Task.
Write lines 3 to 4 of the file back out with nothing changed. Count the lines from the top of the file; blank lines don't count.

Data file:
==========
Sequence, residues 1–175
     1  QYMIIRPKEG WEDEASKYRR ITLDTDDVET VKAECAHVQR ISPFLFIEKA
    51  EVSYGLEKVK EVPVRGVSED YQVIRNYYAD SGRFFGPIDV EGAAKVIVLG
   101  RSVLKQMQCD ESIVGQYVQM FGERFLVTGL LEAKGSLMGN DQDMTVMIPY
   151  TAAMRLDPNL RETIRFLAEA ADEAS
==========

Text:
    51  EVSYGLEKVK EVPVRGVSED YQVIRNYYAD SGRFFGPIDV EGAAKVIVLG
   101  RSVLKQMQCD ESIVGQYVQM FGERFLVTGL LEAKGSLMGN DQDMTVMIPY